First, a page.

RowAsc IN (RowDesc, RowDesc - 1, RowDesc + 1)
GROUP BY CustomerId
ORDER BY CustomerId;
Tuesday, June 1, 2021
answered 7 Months ago

You can use the MAX aggregate, it would still work. MAX of one value = that value..

In this case, you could also self join 5 times on customerid, filter by dbColumnName per table reference. It may work out better.

Tuesday, June 1, 2021
answered 7 Months ago

Functions are computed values and cannot perform permanent environmental changes to SQL Server (i.e., no INSERT or UPDATE statements allowed).

A function can be used inline in SQL statements if it returns a scalar value or can be joined upon if it returns a result set.

A point worth noting from comments, which summarize the answer. Thanks to @Sean K Anderson:

Functions follow the computer-science definition in that they MUST return a value and cannot alter the data they receive as parameters (the arguments). Functions are not allowed to change anything, must have at least one parameter, and they must return a value. Stored procs do not have to have a parameter, can change database objects, and do not have to return a value.

Tuesday, June 1, 2021
answered 7 Months ago

You will want to use the YYYYMMDD for unambiguous date determination in SQL Server.

insert into table1(approvaldate)values('20120618 10:34:09 AM');

If you are married to the dd-mm-yy hh:mm:ss xm format, you will need to use CONVERT with the specific style.

insert into table1 (approvaldate)
       values (convert(datetime,'18-06-12 10:34:09 PM',5));

5 here is the style for Italian dates. Well, not just Italians, but that's the culture it's attributed to in Books Online.

Wednesday, June 2, 2021
answered 6 Months ago

It gives a running total (this functionality was not implemented in SQL Server until version 2012.)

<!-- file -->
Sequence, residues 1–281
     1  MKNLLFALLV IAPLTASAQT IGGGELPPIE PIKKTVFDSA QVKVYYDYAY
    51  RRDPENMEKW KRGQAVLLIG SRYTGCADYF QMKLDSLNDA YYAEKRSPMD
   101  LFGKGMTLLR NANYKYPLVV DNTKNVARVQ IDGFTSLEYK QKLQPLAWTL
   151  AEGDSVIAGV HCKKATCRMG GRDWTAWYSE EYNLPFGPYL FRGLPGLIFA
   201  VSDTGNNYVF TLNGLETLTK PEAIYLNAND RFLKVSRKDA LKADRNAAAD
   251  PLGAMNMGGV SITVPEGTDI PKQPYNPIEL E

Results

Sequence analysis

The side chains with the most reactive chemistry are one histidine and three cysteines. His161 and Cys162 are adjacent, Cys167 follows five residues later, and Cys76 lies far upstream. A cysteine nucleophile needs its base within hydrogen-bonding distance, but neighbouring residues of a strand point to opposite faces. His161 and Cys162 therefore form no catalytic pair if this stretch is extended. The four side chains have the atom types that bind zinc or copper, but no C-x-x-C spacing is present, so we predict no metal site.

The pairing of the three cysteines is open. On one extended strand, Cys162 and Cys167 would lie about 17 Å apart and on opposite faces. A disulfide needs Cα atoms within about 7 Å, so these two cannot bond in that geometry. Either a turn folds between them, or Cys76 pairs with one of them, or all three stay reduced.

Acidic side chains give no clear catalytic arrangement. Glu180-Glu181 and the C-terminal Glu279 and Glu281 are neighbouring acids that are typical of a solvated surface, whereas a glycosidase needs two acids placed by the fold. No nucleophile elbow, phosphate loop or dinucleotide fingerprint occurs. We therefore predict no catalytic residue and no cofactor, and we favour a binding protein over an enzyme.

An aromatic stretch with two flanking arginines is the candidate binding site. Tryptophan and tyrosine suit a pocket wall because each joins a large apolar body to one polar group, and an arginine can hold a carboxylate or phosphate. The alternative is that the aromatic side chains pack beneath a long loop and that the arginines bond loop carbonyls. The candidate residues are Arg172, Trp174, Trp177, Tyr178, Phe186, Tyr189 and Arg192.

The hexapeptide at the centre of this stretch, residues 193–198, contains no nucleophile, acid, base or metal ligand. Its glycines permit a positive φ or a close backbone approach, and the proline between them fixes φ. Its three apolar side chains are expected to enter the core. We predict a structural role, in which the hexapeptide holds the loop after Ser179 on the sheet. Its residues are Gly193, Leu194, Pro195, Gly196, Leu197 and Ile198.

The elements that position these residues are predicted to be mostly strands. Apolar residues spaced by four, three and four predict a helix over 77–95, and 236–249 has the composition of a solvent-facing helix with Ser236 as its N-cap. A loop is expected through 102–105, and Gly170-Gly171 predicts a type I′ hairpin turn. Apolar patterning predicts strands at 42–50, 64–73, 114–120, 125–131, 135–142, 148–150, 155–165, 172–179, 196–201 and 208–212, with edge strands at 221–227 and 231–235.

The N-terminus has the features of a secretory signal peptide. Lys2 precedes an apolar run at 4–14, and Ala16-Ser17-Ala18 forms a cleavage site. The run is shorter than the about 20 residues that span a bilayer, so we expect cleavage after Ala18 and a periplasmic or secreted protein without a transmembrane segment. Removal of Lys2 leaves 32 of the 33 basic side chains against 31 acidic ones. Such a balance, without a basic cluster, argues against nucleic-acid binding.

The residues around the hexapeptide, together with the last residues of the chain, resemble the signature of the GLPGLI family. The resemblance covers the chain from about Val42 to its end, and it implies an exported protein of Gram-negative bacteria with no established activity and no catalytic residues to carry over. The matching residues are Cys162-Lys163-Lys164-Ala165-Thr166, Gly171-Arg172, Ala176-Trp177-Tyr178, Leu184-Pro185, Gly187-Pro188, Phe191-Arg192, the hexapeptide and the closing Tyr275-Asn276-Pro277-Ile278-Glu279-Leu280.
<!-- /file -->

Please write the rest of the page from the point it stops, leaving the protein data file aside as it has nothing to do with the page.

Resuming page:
The ORDER BY defines the window to be aggregated with UNBOUNDED PRECEDING and CURRENT ROW as the default when not specified. SQL Server defaults to the less well performing RANGE option rather than ROWS.

They have different semantics in the case of ties in that the window for the RANGE version includes not just the current row (and preceding rows) but also any additional tied rows with the same value of a as the current row. This can be seen in the number of rows counted by each in the results below.

        COUNT(*) OVER (ORDER BY a 
        COUNT(*) OVER (ORDER BY a 
        COUNT(*) OVER() AS [Over()]
    FROM    t;


a        b        Rows        Range       Over()
-------- -------- ----------- ----------- -----------
NULL     NULL     1           4           12
NULL     NULL     2           4           12
NULL     NULL     3           4           12
NULL     NULL     4           4           12
a        b        5           7           12
a        b        6           7           12
a        b        7           7           12
c        d        8           11          12
c        d        9           11          12
c        d        10          11          12
c        d        11          11          12
e        NULL     12          12          12

To achieve the result that you were expecting to get omit both the PARTITION BY and ORDER BY and use an empty OVER() clause (also shown above).

Sunday, September 19, 2021
answered 3 Months ago
Only authorized users can answer the question. Please sign in first, or register a free account.
Not the answer you're looking for? Browse other questions tagged :